Richard Curran: Let's not get too excited about RBS plans to offload Ulster Bank
Let’s not get too excited about the RBS announcement that it is looking to sell some or all of Ulster Bank’s Republic of Ireland operations.
After all, if RBS could have found a buyer before now, it would have off-loaded the business in a heartbeat.
On paper the bank’s chances of finding a buyer or strategic partner for the Southern operations of Ulster Bank might look a little better in another couple of years. The bank appears to have just returned to some operational profitability. Plus, the economic and property landscape have improved.
But it may be a big ask to find someone to come along and take a chunk of the bank or all of it right now. Look at the options.
1. A bank buys Ulster Bank’s Republic of Ireland business. Firstly, it isn’t buying the whole thing. Its legacy loan book would have to be hived off separately. The Northern Ireland business would remain in RBS’s hands. Its IT system has crashed several times and would need a lot of work, aside from being stripped away from the RBS operation. International banks are not showing much interest in Ireland. If it is such a good bet, why is RBS selling it?
2. Private equity investors buy a stake in Ulster Bank. Private equity investors are buying up lots of assets in Ireland but not the banks that own them. The only big private equity deal to have been done in Ireland was with Bank of Ireland. Here a group of investors bought a minority stake in Bank of Ireland and have done very well, doubling their €1bn investment. But they held a minority stake in a listed company in which nobody owned a majority interest. That gave Wilbur Ross and other investors a stronger say around the boardroom table. If they bought 25pc or 30pc of Ulster Bank, RBS would control the rest. That is not so attractive.
3. Merging with another Irish bank. There are only two candidates here – Permanent TSB or KBC. The former is owned by the state and the latter is Belgian owned. Permanent TSB is struggling to put together a convincing strategic plan that has the backing of the EU. It is making progress but still not making a bottom line profit. Merging two loss makers is not an automatic recipe for success. Better to wait until all of the bad news has been washed out of the system before putting them together. That might be a little bit further down the road. KBC lost its shirt on mortgages in the Irish market. Its new focus in Ireland is on personal banking. How good a fit would these two businesses be? It is hard to say at this stage. It would give KBC some more scale in the Irish market but it would require a huge rebranding and investment. Are the Belgians ready to put that kind of money into Ireland, after getting such a roasting here?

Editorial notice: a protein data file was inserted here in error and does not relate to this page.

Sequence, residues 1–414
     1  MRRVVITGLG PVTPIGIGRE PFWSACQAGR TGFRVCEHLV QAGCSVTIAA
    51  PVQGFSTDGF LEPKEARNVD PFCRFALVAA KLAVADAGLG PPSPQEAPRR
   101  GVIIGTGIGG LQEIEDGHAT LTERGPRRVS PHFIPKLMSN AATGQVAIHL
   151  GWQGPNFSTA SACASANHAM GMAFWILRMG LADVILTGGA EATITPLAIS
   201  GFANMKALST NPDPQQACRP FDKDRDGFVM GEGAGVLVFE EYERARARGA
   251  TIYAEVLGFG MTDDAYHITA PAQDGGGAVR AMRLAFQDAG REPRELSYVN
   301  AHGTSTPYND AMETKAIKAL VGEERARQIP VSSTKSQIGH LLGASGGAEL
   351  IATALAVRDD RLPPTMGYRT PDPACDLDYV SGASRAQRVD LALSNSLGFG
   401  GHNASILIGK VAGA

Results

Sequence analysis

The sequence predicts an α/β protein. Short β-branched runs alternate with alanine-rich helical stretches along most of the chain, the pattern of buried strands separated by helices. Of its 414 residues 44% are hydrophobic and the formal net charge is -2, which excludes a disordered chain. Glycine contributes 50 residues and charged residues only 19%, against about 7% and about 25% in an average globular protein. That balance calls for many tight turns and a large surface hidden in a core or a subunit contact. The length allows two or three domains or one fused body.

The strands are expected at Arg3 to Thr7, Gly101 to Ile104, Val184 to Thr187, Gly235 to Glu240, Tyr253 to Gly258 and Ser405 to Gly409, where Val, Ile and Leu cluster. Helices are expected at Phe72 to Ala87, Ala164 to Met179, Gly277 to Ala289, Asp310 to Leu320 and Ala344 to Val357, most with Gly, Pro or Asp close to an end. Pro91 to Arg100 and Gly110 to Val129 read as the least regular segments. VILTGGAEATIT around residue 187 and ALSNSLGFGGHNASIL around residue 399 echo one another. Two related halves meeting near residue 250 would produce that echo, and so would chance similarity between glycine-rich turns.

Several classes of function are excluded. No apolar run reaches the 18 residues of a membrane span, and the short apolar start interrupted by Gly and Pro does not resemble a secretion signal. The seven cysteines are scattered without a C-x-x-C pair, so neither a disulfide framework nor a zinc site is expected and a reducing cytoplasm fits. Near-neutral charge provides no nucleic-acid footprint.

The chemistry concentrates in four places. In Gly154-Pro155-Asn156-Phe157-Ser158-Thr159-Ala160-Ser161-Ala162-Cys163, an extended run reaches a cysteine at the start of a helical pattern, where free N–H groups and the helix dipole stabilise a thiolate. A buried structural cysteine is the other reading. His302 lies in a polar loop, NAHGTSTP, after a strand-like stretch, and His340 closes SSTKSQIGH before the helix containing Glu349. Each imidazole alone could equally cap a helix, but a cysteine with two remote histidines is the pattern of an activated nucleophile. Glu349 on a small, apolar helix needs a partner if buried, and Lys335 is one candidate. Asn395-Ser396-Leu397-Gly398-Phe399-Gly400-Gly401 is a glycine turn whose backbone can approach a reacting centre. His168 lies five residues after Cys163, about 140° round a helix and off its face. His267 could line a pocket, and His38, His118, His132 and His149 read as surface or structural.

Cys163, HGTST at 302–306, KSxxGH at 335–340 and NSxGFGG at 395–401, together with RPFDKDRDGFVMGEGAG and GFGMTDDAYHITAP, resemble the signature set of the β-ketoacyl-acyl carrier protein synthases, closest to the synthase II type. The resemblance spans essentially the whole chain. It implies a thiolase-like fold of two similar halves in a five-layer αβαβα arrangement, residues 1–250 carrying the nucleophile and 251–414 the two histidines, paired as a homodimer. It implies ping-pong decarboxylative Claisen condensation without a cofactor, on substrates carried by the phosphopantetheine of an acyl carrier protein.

If Permanent TSB could do a deal with Ulster it might be good news for the Irish taxpayer, already well under water on its Permo bailout. A merger would give some scale to a new player thereby providing some competition for the dominant Bank of Ireland and AIB. But it is hard to see it coming off at this point in time.
If private equity investors took a slice, it might not be such good news for Michael Noonan, who might like them to write a cheque for a slice of AIB instead.
There just may be too many banks looking for too much investment from too few sources right now. I wouldn’t bet on an Ulster Bank deal in the short term, unless it is a complete fire sale.
Perhaps David Cameron wants to see some talk rather than action around Ulster Bank, which has cost the British taxpayer stg£15bn. Action might be a different story.